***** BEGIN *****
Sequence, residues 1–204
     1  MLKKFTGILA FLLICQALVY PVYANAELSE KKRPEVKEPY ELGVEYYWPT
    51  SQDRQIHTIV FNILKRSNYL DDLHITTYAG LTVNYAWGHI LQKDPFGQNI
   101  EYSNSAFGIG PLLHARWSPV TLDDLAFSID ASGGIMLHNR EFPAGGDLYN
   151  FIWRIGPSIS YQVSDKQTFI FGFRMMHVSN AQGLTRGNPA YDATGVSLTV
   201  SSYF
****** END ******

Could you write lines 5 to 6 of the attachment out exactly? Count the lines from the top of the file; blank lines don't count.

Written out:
   151  FIWRIGPSIS YQVSDKQTFI FGFRMMHVSN AQGLTRGNPA YDATGVSLTV
   201  SSYF